Before your tenants move in, it’s important to set out how you expect your property to be maintained, particularly if you decide to let is as a part or fully furnished let. Conducting an inventory before and after a tenancy, will help you to keep check of your assets and their condition, and reduce the chances of a potential dispute – Using a letting agent or independent inventory clerk to make sure this is done correctly, is certainly worthwhile!

Need a letting agent?

Working full-time and being a landlord can be demanding! But, using a letting agent can help to reduce the burden. They can manage all the necessary advertising, viewings, screenings, inspections, repairs and rental income for you. If you favour a more hands on approach, most agencies will also offer a tailored service, so they can help out where needed.

Teaching children to save
May 4, 2017

How to teach children to save


Teaching children to save

With an increasing number of first-time buyers relying on the ‘Bank of Mum and Dad’ to help them get on the property ladder, teaching children to save and understand the value of money from an early age has never been more important. No matter how young or old your children may be, we have put together a number of handy tips that will help make them savvy savers in no time!

Handling cash

Letting young children see and handle coins and notes regularly is the best way to get them used to money being a part of their everyday lives. To help them learn to understand the value of money, raid your money box and stack piles of coins next to each other, using the various coin denominations, until each one equals £1. Once you have completed this, take the piles down and ask your child to rebuild them.

If you want something, you’ve got to pay for it!

Plan a family day out and list all the things you’ll be doing including food and transport. Work out a realistic budget for this and withdraw the cash. Let your child count and hand over the money whenever you do an activity that requires money – If they want to do something that you haven’t planned for, explain to them that there may not be enough money to do this, as well as the other things you have planned.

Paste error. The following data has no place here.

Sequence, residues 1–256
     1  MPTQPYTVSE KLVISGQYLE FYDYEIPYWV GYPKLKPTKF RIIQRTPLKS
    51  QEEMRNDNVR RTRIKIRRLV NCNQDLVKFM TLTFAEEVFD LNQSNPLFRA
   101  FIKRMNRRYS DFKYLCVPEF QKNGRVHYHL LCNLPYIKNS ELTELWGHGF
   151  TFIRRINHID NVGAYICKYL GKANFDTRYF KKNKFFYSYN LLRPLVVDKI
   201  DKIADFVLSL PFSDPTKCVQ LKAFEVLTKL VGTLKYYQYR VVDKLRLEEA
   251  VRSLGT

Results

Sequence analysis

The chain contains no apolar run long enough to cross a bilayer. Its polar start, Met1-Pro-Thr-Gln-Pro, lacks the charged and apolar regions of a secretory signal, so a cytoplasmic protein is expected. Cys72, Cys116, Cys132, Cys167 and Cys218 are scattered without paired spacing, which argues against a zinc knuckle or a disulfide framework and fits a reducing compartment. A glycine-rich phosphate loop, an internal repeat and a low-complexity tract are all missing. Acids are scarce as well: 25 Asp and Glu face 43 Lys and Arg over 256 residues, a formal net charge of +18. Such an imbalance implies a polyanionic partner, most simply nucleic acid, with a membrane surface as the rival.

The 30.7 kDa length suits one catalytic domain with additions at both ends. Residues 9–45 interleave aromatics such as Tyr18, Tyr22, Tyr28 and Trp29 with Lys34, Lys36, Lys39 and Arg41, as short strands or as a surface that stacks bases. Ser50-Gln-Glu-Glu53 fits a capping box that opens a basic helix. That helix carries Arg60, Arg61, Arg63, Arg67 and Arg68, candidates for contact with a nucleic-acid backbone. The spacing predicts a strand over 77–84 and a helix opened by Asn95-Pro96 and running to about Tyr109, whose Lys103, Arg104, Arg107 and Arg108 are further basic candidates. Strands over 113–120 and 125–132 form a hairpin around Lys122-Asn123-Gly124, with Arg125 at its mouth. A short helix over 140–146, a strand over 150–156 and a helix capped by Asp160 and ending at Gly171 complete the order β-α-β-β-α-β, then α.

The £1 challenge

Give your child a £1 to spend on whatever they choose in a local shop. Ask them what they want to buy and if they can afford it. If they are struggling, take them to an area in the shop where you know they will be able to buy something for this amount, and ask them what they think.

Save, spend, save again

The best way to get children to understand the true value of money, is to let them save and spend their own cash. Work out a reasonable amount to give them each week, maybe get them to help you out around the home to earn this, and let them decide how they spend it.

Buying them a moneybox or opening a bank account will also give them somewhere to store their savings and teach them that money needs to be looked after and kept safe – For teenagers, gradually increase their allowance so that they can learn to budget for their toiletries, clothes and social activities.

Planning for success! 

Talk to your child about saving for something they really want and help them work out how long it would take to buy it. If it’s a fairly expensive item, why not agree to pay a certain amount towards it, if they save the rest?

Planning and budgeting is particularly effective for older children. Getting them to plan an event from start to finish, detailing everything involved including; activities, food, drink and transportation, and working out how much it’s going to cost, can help them realise if it’s affordable and if anything can be done cheaper.

‘Just put it on your card’

If paying on a debit and/or credit card is your family’s preferred method of payment, it’s important to familiarise your children with how this works also, so that they learn that money isn’t free! The best way to do this is to let them see you paying for something on your card and then showing them your bank statement after, so that they can see the money leaving your account and your remaining balance after.

Becoming a landlord
April 20, 2017

5 step guide to becoming a successful landlord

Buy to Let / Mortgage

5 steps to become a successful landlord

Becoming a landlord can be an exciting and rewarding prospect; from selecting a property with a potential profitable return, to taking care of your tenants. If you are planning on investing or are simply interested in learning more, here’s our top 5 steps to consider for a successful buy-to-let investment.

Do your research!

When deciding on an area to buy your buy to let property, choose an area that prospective tenants would like to live in with attractive selling points such as; good transport links, schools and / or entertainment facilities – Use property websites such as Rightmove and Zoopla to help you with this!

When you have decided on an area, be sure to also speak to a local letting agent who can help you understand which properties are in demand and how much they rent for.

Hands-on or stress free?

Being a landlord comes with a lot of responsibility! If you choose to buy near to home, you will be close by should anything go wrong. But, if you choose to look further afield, using a lettings agency could be a wise decision!